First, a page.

This essay Plato's The Symposium has a total of 2100 words and 7 pages.
Plato\'s "The Symposium"
In Greek culture around the time of Plato, the perfect ideal person was considered.
Plato’s idea that there was a perfect world of ideas affected this pieces subject and the
subject’s action. Many works of his time period were sculptures that were meant to be
viewed from all angles, attempting to be a closer match to that of the ideal. This idea that the
ideal world was real and what matter not the physical also effect the actions depicted in
many works of this time period. Most of the works are depicting an ideal Greek person
performing a noble act not just a common act. Many of the works are also just a still image
of a figure from a single moment in time. All of the male sculptures appear in the nude
because they represent a perfect man with nothing to hide. These are some of the artistic
conventions that were influenced by Plato’s ideas. There are many different aspects of
Greek art that can be accredited to Plato for creating. Among them was the "Perfect" figure
that resented the ideal person that existed in the world of ideas. The definition of what a
perfect person was developed by Plato.
Plato believed that the physical world did not matter. It was the form in the ideal
world and this value of form and thought can be seen throughout many of the works of art.
Plato said that in the physical world we did not see the real object we only saw a shadow of
it. The art of this time period showed form and subject that were far more perfect than one
could actually exist in the real would in an attempt to represent the world of ideas. All of
these aspects together confirm that Plato has a major influence on Greek art of the time.
Throughout human existence, the subject of love has also been of great fascination to
many. Questions such as : "What is love?" and "What is the work of love?" are some of
great questions of the universe that has transcended time; yet with no absolute answers.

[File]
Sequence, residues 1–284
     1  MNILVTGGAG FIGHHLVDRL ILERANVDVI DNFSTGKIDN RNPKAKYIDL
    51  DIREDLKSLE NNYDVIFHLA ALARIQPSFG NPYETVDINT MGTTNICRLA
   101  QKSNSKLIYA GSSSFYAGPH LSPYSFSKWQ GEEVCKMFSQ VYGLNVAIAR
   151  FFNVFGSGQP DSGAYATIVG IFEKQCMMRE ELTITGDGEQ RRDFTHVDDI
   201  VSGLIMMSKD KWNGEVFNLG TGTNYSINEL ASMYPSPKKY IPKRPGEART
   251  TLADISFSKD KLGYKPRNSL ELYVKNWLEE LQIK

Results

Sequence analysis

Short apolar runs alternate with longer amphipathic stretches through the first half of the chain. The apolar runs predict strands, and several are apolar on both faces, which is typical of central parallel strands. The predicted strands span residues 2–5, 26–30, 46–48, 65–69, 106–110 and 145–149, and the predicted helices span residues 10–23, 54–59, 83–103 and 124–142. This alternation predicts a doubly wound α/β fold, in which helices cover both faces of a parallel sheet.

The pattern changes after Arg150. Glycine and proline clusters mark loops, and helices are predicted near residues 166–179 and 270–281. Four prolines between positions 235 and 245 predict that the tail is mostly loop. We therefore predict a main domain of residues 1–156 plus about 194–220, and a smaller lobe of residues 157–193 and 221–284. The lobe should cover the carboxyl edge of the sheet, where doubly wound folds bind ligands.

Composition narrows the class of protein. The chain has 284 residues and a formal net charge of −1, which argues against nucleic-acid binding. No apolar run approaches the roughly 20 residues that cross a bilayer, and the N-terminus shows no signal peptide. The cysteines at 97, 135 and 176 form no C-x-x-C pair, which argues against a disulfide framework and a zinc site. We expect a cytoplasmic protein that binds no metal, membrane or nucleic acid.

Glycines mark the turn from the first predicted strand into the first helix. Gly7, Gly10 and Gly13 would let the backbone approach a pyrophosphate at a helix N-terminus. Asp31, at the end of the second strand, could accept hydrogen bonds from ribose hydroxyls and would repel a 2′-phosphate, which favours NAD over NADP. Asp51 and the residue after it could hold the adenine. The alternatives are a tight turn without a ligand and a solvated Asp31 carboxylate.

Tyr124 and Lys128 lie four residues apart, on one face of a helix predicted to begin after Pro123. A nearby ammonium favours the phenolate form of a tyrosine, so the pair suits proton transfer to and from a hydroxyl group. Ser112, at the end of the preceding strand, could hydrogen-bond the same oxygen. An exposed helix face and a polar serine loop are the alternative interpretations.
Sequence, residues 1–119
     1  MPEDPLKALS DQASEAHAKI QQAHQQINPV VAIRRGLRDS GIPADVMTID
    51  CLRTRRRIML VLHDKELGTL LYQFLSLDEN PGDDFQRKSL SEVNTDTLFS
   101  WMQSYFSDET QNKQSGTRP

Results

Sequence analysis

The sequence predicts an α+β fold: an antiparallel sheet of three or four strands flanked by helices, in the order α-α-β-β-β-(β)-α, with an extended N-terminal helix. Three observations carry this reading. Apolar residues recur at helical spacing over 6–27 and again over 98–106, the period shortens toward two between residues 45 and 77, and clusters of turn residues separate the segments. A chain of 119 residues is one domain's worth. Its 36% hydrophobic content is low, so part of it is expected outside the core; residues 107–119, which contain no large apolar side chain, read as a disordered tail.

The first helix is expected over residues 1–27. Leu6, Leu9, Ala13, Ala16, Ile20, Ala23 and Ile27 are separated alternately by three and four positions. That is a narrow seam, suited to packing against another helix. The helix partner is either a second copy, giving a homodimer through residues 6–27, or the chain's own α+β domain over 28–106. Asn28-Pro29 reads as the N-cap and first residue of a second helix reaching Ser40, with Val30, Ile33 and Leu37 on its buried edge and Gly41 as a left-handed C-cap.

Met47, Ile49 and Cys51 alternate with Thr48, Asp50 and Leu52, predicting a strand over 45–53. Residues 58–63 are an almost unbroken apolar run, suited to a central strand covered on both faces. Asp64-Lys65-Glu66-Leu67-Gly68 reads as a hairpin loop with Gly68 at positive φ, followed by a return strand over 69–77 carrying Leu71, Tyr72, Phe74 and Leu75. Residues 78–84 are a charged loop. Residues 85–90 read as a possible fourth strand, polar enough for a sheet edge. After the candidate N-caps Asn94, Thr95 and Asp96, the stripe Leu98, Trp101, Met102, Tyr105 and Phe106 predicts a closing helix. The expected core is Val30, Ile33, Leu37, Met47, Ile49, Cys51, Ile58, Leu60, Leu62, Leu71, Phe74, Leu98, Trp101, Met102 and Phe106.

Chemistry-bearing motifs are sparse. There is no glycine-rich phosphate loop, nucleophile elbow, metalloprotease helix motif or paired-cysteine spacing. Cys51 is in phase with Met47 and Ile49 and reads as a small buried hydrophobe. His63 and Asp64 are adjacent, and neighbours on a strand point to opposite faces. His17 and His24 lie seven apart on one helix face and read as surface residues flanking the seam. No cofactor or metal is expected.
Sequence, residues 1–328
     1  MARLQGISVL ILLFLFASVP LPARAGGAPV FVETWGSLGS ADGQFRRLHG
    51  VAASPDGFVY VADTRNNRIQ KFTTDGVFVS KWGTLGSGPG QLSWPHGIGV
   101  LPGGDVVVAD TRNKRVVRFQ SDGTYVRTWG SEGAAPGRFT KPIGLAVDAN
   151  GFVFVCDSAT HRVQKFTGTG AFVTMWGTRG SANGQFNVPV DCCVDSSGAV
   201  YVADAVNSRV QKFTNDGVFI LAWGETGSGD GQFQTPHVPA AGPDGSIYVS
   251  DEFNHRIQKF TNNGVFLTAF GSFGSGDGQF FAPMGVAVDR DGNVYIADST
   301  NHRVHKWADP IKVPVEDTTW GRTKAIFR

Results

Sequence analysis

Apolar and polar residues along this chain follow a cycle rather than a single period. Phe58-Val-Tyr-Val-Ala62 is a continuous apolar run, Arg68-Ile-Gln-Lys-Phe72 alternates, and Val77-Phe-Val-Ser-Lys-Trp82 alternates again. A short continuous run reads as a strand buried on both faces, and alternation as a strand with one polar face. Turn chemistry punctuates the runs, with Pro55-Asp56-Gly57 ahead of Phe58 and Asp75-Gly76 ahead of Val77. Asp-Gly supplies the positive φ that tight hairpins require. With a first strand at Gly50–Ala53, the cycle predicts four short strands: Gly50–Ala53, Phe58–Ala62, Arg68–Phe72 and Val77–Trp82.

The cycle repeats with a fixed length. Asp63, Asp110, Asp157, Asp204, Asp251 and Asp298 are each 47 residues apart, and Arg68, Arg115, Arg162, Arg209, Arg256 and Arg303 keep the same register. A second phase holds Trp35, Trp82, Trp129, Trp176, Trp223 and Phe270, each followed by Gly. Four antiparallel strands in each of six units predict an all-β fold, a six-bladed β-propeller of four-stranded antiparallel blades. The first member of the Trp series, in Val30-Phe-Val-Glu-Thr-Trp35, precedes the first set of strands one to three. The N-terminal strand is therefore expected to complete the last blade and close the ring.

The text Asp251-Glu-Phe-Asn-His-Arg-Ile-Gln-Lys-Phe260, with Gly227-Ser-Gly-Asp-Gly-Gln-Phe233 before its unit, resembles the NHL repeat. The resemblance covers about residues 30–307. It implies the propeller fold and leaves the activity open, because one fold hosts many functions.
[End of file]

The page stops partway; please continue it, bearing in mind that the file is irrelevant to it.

There is perhaps no correct answers to the phenomena of love. It exists in many strata. It is
perpetually subject to debate, for we all are experts of love in our own rights. In The
Symposium, Plato gave accounts of speeches from different speakers. Yet the focus of this
essay is on Aristophanes and Socrates. Their explanations of love and critical comments to
will be answered to these questions: What is love? How do lovers select their
beloved’s? and What is the work of love?
What is love? In his speech, Aristophanes engages in the discussion of love,
encompassing human nature as whole rather than individualistic aspects. According to a
myth, we were originally created as a single being, united with our beloved. As pairs, we
were quite powerful and chaotic, such that the god had to split us into two. Thereafter, life
became pursuit, a pursuit for the other half, a "pursuit for wholeness, to be complete." And
thesis what Aristophanes defines as love. He believes that love is innate: " love is born into
every human being". He is expressing that the phenomenon of love is as natural and
inherent to us as breathing itself. Like other amenities of life, Love fulfills us. "To be
in love is to see the other individual as a special complement to one\'s existence." Socrates, on
the other hand, defines love as the desire to possess good and beautiful
entities, which he presently lacks. By a dialectical method, questioning Agathon, he
manifests that love cannot presently possess the object of affection. Even when he desires
what he has, what he really desire is "the preservation of what he now has in time to come,
so that he will have it then." It follows then, that he wants, rather than has the good. Thus,
Love itself is not beautiful. This however, does not imply that Love is ugly or evil. Rather,
Love is in between; just as there is something between wisdom and ignorance- the
right opinion. He is in between mortal and immortal. Thus, Love is an intermediate spirit
who interprets between gods and men. Although there seems to be great disparity between
the two, Aristophanes\' and Socrates\' speeches actually merge in their paths. Is it not human
inclination to desire goodand beauty? Is it not then, that to have good and beauty is to
embrace it body and soul and never wanting to depart
Topics Related to Plato's The Symposium
Socratic dialogues, Dialogues of Plato, Philosophy of love, Ancient Greek philosophers, Emotions, Symposium, Socrates, Plato, Theory of Forms, Romance, Aristophanes, Love
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